Navigation
Talk:Grudge Mansion

Talk:Grudge Mansion

From Ludocity

Revision as of 16:55, 21 October 2015 by Kevan (Talk | contribs)

(diff) ← Older revision | Latest revision (diff) | Newer revision → (diff)
Jump to: navigation, search

Old forum comments

(The Ludocity website previously had integrated forums, but they fell into spam-covered decline and were shut down in 2015. The comments in this section have been automatically converted from that forum.)

I've been wanting to design a good murder game for a while. I don't know if this is it.

I've kept it fairly simple, so that it can run as an ambient game without too much cognitive load from each player. And I think there's probably enough room for emergent mechanics (there's no scope for handing a weapon to an accomplice to perform a murder on your behalf, but you can persuade other players - or non-players - to coax your target into the kill zone).

What do people think? --Kevan (talk) 2009-09-03 18:36:13

Looks like a familiar mechanic - I think this "traditionally" runs over a very large area over a space of days/weeks. I guess the main strategy will be trying to form enough alliances to work out who your killer is, so that you can avoid them, without accidentally meeting them. --gwyn (talk) 2009-09-07 09:12:08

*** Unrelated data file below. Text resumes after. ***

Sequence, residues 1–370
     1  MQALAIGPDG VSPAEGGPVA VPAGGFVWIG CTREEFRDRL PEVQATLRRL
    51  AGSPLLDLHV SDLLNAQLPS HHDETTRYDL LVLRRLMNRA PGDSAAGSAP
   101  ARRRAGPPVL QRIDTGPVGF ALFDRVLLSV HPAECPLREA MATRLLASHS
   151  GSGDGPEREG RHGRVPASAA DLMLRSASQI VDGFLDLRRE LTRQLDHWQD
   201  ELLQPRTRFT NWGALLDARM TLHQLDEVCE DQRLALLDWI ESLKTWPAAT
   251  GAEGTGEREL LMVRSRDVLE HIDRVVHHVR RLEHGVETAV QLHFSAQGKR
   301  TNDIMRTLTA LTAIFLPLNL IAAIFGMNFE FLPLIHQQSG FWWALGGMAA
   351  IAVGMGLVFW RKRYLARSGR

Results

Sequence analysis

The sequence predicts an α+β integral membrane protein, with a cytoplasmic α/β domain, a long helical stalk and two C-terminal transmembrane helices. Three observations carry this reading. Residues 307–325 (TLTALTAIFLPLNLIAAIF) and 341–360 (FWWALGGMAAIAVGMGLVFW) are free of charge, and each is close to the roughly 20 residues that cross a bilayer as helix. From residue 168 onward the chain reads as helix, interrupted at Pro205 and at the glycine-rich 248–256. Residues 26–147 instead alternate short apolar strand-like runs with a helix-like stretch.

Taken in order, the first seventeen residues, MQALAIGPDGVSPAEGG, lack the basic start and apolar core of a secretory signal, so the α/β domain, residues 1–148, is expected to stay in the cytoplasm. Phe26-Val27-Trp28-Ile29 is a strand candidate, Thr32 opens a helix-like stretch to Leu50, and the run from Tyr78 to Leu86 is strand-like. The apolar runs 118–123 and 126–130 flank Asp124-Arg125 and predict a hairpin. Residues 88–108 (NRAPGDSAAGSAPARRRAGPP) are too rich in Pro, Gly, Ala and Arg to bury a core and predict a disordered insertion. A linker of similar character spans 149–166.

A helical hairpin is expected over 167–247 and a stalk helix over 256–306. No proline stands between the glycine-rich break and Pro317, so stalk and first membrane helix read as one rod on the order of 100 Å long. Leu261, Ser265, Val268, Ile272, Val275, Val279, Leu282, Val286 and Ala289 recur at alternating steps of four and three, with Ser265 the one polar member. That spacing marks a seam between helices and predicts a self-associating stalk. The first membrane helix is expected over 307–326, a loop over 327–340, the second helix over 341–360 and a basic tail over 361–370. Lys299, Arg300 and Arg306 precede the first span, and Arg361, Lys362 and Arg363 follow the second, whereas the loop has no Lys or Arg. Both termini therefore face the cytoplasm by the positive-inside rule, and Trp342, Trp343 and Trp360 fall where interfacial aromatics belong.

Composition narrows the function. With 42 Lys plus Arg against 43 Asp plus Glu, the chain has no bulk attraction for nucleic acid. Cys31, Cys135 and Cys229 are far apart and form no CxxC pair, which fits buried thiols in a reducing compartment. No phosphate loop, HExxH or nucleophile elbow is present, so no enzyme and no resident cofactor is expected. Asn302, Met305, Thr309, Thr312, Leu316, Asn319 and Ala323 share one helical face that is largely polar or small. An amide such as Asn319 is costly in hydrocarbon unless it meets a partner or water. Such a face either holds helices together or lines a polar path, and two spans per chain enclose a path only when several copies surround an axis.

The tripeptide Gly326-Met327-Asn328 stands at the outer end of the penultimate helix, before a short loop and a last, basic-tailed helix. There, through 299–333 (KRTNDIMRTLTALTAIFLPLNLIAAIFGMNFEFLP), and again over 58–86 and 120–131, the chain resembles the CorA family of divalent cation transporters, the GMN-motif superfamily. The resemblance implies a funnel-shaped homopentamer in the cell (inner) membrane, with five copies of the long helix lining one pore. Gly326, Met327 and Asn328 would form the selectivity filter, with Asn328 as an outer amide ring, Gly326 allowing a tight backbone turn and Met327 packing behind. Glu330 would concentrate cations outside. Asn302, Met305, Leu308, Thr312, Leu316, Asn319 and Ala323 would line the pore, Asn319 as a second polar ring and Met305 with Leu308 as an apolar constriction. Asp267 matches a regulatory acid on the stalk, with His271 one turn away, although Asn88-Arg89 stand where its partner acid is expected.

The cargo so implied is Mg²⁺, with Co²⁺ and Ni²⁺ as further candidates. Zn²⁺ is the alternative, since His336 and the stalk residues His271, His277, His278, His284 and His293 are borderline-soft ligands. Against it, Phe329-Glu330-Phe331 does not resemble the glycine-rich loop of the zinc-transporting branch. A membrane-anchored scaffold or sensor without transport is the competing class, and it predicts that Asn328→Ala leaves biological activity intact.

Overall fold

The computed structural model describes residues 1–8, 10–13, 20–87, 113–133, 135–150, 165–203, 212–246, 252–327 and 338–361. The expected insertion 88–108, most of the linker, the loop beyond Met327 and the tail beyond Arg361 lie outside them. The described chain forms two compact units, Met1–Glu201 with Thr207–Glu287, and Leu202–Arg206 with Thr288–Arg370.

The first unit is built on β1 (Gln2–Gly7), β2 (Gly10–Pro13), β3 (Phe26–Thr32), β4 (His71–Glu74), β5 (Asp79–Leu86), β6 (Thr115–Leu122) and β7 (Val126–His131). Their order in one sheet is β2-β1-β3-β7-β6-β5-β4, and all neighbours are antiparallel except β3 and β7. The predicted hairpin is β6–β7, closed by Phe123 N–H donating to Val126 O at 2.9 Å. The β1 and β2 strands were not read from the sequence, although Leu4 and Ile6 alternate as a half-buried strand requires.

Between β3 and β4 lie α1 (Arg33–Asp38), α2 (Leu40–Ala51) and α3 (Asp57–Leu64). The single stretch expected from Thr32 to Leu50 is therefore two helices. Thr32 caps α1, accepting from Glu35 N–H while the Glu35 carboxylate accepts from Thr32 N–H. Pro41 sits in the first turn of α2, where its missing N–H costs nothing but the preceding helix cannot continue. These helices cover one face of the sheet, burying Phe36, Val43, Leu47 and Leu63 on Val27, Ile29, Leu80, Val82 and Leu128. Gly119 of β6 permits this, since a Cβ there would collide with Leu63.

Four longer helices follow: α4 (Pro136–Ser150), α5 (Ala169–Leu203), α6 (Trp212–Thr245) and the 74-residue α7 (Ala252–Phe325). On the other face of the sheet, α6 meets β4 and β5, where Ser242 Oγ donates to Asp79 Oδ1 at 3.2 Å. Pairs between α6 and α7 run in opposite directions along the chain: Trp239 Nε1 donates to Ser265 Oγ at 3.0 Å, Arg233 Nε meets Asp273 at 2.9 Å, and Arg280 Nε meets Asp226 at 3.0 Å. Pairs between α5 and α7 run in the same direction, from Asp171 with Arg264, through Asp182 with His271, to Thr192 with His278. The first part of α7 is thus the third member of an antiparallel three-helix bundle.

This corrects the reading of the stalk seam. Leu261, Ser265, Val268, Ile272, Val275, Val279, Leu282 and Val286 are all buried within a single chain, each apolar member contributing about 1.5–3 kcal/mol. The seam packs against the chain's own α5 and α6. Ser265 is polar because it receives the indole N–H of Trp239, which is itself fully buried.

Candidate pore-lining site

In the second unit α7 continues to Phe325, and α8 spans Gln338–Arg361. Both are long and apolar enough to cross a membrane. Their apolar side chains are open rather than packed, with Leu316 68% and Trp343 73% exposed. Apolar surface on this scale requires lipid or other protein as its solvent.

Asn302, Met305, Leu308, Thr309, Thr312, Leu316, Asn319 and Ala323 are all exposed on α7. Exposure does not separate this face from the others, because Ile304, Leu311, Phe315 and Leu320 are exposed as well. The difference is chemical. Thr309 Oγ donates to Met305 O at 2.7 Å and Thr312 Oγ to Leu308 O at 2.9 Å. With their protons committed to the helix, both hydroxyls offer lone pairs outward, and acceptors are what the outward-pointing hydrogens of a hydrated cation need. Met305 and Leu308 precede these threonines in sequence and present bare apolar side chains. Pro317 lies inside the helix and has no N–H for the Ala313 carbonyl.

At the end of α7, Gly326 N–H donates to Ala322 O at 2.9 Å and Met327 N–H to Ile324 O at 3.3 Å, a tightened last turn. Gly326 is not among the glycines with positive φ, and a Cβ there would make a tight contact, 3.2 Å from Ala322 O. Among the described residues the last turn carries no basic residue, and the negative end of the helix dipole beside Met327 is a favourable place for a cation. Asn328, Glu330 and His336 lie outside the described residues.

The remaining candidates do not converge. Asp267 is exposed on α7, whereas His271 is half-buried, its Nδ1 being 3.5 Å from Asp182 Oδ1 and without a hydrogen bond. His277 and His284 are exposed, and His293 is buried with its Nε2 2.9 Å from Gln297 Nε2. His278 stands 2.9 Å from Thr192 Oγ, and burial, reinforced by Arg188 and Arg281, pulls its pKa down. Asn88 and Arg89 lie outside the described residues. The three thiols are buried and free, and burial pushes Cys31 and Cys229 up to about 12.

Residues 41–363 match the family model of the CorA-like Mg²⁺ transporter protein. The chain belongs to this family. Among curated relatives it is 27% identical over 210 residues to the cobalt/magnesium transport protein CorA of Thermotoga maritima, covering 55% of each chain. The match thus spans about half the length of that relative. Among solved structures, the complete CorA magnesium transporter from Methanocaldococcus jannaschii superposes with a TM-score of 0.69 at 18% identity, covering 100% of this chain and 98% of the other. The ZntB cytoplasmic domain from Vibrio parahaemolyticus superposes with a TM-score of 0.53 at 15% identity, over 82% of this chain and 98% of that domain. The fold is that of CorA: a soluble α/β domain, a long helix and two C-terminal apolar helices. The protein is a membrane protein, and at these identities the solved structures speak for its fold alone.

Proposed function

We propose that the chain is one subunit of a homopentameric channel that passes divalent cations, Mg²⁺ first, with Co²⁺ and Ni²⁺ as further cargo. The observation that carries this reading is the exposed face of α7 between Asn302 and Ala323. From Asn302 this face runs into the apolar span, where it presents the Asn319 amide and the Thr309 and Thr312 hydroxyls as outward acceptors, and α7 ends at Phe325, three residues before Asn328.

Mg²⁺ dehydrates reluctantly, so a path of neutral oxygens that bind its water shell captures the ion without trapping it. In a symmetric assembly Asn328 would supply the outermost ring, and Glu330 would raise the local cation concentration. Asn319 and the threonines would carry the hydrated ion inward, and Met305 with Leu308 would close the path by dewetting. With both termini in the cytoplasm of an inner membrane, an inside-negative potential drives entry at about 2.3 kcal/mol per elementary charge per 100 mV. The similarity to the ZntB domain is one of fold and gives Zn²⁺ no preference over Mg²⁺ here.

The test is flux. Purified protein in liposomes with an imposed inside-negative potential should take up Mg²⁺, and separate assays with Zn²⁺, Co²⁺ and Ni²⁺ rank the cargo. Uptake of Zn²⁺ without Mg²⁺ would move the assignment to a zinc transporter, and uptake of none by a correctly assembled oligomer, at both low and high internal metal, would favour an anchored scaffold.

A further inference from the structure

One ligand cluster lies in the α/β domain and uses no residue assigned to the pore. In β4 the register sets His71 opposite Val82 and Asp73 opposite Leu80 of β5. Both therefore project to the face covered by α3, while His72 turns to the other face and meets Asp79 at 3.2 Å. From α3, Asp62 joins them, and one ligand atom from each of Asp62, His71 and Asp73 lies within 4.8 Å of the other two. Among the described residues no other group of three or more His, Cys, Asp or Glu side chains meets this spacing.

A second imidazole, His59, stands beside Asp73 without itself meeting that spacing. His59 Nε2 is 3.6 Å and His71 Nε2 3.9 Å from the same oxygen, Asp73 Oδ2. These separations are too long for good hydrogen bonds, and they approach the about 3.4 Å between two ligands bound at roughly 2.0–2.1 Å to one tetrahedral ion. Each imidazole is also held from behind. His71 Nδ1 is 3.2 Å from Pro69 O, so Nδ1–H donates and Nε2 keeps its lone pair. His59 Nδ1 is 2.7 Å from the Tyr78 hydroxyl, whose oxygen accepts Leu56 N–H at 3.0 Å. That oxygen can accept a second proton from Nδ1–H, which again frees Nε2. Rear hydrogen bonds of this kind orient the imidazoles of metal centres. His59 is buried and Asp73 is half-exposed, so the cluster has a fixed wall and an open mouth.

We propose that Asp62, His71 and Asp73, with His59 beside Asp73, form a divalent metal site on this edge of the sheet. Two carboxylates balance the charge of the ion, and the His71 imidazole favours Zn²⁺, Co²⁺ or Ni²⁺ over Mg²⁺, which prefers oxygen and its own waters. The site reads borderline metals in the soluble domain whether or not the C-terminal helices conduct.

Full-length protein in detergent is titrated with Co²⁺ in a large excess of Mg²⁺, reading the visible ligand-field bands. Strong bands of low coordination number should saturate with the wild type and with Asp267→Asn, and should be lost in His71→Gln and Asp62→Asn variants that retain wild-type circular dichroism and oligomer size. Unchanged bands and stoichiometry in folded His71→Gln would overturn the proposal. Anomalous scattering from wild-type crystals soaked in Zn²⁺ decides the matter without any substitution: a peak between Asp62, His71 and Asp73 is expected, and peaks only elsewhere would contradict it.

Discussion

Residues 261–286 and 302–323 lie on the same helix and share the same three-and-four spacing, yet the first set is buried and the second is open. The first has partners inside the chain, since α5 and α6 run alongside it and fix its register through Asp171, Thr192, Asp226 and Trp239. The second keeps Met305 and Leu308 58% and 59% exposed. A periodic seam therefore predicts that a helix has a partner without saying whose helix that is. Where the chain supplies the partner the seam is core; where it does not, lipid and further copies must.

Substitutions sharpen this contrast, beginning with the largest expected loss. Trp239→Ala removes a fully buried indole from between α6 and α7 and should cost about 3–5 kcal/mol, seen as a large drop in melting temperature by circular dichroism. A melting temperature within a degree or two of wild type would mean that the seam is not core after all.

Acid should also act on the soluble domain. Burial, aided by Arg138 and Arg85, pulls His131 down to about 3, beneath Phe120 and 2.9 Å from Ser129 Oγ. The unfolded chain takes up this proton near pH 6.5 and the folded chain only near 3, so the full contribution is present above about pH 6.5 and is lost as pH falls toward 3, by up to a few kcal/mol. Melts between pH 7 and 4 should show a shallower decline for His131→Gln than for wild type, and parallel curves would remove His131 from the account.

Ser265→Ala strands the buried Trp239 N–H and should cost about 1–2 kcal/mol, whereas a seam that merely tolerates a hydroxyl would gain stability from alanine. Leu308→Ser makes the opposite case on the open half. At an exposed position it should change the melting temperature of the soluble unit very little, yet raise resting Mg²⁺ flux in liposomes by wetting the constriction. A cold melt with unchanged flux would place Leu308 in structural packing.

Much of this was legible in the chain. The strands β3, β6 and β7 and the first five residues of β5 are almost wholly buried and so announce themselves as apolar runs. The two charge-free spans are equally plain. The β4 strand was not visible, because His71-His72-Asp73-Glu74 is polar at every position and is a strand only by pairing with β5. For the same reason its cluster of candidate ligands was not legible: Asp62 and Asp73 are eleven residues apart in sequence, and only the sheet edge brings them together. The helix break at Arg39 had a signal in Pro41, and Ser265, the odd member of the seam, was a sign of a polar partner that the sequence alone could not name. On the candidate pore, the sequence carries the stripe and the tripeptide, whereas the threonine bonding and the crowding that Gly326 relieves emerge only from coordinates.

Yes, the "Circle of Death" target mechanic is an old one - it seemed a neat way to let an ambient game moderate itself. The thing I wanted to explore here was the slightly creepy predestination of the murder location - that you're sitting innocently in the bar, when someone hands you a card telling you that your death in the bar has been hanging over you for the past hour, and has now happened.

I suppose alliances can work without breaking the game. Even if it comes down to two surviving players, both of whom know the exact location they're going to die in (because they shared the information when they were much further apart on the circle), then there's a grim stalemate where they both hang there until the end of the game. Which would hopefully be amusing to experience (persuading your friends to go to the bar and buy you a drink, because you're paranoid about being poisoned) rather than annoying (standing in the rain because you know you'll be dead if you step back into the lobby).